On June 2nd we celebrate the march (and stroll) towards decriminalization. Decriminalization of prostitution was enacted in New Zealand in 2003. Decriminalization has gained adherents amongst human rights bodies and organizations around the world including Human Rights Watch. We celebrate the immense progress of this grassroots sex workers rights movement, with this collection of such successes, statements by international bodies, country/state commissions and human rights organizations supporting decriminalization of sex work and sex worker rights.
Human Rights Watch
• From May 2013, Human Rights Watch report- “Swept Away”: Abuses against Sex Workers in China http://www.hrw.org/reports/2013/05/14/swept-away
"The imposition of punitive penalties for voluntary, consensual sexual relations amongst adults violates a number of internationally recognized human rights, including the rights to personal autonomy and privacy. Human Rights Watch takes the position that this also holds true with respect to voluntary adult commercial sex work, and that respecting consenting adults’ autonomy to choose to engage in voluntary sex work is consistent with respect for their human rights. Criminalization of sex work also creates barriers for those engaged in sex work to exercise basic rights such as availing themselves of government protection from violence, access to justice for abuses, access to essential health services as an element of the right to health, and other available services. Failure to uphold the rights of the millions of women who voluntarily engage in sex work leaves them subject to discrimination, abuse, exploitation, and undercuts public health.
• From Human Rights Watch 2014 Report:
"The logic of Toonen and Goodwin* informs two recent foci of Human Rights Watch’s privacy-related work: our call for decriminalizing simple drug use and possession (see the essay The Human Rights Case for Drug Reform in this volume), and our push for decriminalizing voluntary sex work by adults."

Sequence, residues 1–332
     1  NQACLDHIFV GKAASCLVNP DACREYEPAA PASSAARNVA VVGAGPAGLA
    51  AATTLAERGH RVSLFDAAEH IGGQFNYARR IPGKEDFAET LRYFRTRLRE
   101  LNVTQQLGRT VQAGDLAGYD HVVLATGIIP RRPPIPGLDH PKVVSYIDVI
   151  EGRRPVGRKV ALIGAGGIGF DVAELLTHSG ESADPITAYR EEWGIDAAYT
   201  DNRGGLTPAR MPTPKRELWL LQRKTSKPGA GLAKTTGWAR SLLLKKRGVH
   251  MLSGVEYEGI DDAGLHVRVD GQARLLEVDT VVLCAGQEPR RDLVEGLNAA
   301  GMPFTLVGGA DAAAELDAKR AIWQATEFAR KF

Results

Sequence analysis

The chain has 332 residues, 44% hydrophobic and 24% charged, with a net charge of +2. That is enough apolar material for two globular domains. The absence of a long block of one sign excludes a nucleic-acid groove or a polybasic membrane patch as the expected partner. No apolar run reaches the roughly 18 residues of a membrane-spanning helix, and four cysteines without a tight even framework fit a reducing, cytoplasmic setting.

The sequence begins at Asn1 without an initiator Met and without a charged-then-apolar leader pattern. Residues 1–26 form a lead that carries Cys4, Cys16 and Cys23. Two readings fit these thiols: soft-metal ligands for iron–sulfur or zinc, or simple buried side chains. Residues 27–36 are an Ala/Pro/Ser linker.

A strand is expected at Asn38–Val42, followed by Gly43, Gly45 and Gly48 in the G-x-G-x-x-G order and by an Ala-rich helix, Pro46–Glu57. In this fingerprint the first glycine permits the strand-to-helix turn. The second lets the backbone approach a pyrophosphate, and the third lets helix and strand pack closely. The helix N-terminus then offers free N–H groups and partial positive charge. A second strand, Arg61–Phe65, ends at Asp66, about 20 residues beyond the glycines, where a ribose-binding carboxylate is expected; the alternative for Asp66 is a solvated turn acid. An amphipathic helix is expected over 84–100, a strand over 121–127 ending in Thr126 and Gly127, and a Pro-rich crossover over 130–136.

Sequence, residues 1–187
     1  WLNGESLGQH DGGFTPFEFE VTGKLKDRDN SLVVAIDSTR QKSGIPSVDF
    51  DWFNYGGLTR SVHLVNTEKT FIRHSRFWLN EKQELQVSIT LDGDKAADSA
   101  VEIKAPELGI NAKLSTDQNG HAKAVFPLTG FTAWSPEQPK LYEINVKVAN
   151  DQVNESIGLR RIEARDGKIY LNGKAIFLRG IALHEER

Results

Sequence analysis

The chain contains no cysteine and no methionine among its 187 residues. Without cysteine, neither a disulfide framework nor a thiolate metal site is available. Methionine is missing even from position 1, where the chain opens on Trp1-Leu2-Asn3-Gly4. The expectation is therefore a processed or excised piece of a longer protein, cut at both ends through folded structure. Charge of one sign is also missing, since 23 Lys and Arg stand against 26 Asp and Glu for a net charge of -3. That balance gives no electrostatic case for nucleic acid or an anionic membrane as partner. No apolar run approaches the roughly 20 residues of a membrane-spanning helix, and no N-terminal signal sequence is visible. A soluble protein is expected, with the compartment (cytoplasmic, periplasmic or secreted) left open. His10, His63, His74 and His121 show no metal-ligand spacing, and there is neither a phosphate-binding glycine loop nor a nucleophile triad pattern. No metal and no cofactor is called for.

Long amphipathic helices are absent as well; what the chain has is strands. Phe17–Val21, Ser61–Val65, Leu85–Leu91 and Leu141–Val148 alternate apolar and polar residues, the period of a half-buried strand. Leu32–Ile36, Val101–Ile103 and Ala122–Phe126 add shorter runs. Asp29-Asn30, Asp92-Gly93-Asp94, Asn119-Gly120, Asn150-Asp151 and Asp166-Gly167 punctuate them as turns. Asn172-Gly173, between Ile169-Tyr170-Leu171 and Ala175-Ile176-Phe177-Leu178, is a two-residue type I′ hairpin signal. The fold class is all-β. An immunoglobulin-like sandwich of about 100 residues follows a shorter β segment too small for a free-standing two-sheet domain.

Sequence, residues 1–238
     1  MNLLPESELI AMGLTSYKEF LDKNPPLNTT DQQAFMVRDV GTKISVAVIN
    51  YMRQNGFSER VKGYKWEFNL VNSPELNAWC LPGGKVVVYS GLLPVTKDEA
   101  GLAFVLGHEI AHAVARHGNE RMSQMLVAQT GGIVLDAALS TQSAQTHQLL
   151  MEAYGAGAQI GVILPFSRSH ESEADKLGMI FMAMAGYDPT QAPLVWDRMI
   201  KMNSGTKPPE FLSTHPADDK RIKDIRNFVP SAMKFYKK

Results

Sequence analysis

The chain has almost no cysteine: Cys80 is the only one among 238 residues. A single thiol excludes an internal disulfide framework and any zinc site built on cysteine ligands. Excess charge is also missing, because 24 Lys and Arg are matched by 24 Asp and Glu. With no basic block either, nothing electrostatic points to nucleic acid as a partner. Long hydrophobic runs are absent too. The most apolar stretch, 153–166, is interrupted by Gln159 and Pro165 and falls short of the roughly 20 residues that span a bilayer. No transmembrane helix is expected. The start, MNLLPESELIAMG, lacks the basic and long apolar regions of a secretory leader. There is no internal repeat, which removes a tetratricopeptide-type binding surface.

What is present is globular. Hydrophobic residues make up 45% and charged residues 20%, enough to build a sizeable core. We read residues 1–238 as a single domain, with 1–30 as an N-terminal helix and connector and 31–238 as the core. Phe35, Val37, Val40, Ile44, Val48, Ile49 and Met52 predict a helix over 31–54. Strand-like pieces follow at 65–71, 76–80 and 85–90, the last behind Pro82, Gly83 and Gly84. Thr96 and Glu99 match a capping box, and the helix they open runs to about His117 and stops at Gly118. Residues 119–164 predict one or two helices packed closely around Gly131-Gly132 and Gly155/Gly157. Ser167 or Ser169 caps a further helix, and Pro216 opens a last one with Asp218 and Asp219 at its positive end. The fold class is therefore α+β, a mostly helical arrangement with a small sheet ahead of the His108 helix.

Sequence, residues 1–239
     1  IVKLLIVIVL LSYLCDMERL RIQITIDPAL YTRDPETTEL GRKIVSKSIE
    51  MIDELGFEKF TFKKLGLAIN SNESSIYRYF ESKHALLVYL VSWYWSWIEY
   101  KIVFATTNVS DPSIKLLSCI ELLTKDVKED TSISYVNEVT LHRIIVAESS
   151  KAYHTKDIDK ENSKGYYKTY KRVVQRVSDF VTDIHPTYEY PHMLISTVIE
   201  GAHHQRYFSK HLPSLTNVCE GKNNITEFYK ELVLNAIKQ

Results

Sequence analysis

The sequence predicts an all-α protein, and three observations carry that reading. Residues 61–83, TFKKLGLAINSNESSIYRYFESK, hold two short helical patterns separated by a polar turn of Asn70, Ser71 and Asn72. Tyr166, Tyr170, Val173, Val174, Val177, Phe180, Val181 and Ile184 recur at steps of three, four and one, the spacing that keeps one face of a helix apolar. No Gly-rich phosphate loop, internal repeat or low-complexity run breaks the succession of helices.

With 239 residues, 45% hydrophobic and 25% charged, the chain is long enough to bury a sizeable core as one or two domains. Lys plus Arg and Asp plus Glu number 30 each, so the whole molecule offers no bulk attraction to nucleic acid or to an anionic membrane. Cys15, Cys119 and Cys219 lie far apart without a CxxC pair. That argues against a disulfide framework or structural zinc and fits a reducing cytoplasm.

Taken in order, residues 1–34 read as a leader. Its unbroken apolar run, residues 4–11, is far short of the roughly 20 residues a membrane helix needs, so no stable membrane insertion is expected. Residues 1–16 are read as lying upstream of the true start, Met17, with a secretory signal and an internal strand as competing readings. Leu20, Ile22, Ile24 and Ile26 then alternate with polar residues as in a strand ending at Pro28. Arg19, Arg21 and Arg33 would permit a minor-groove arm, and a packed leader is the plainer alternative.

*Court case in Australia regarding physical privacy
"Both drug use and even voluntary sex work can pose serious risks to health and safety (including heightened risk for HIV/AIDS), but driving participants into the shadows is usually highly counterproductive to efforts to treat, mitigate, or prevent harm. Criminalization in both cases can cause or exacerbate a host of ancillary human rights violations, including exposure to violence from private actors, police abuse, discriminatory law enforcement, and vulnerability to blackmail, control, and abuse by criminals. These severe and common consequences, and the strong personal interest that people have in making decisions about their own bodies, mean it is unreasonable and disproportionate for the state to use criminal punishment to discourage either practice."
Global Commission on HIV and The Law (convened by the United Nations Development Programme-UNDP)
• Here are the sex worker recommendations ONLY from the Global Commission Report on HIV and The Law : http://traffickingpolicyresearchproject.org/GlobalComiss_SexWorkers.pdf The full chapter includes essential details.
To ensure an effective, sustainable response to HIV that is consistent with human rights obligations:
3.2 Countries must reform their approach towards sex work. Rather than punishing consenting adults involved in sex work, countries must ensure safe working conditions and offer sex workers and their clients access to effective HIV and health services and commodities. Countries must:
3.2.1 Repeal laws that prohibit consenting adults to buy or sell sex, as well as laws that otherwise prohibit commercial sex, such as laws against “immoral” earnings, “living off the earnings” of prostitution and brothel-keeping. Complementary legal measures must be taken to ensure safe working conditions to sex workers.
3.2.2 Take all measures to stop police harassment and violence against sex workers.
3.2.3 Prohibit the mandatory HIV and STI testing of sex workers.
3.2.4 Ensure that the enforcement of anti-human-trafficking laws is carefully targeted to punish those who use force, dishonesty or coercion to procure people into commercial sex, or who abuse migrant sex workers through debt bondage, violence or by deprivation of liberty. Anti-human-trafficking laws must be used to prohibit sexual exploitation and they must not be used against adults involved in consensual sex work.
3.2.5 Enforce laws against all forms of child sexual abuse and sexual exploitation, clearly differentiating such crimes from consensual adult sex work.
3.2.6 Ensure that existing civil and administrative offences such as “loitering without purpose”, “public nuisance”, and “public morality” are not used to penalise sex workers and administrative laws such as “move on” powers are not used to harass sex workers.